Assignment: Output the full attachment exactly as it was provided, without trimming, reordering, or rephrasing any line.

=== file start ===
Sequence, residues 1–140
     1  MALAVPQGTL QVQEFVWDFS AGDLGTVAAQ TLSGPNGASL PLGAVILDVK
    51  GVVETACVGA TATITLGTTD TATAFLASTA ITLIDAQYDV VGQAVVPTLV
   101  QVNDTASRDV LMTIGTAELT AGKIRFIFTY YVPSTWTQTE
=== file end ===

Sequence, residues 1–140
     1  MALAVPQGTL QVQEFVWDFS AGDLGTVAAQ TLSGPNGASL PLGAVILDVK
    51  GVVETACVGA TATITLGTTD TATAFLASTA ITLIDAQYDV VGQAVVPTLV
   101  QVNDTASRDV LMTIGTAELT AGKIRFIFTY YVPSTWTQTE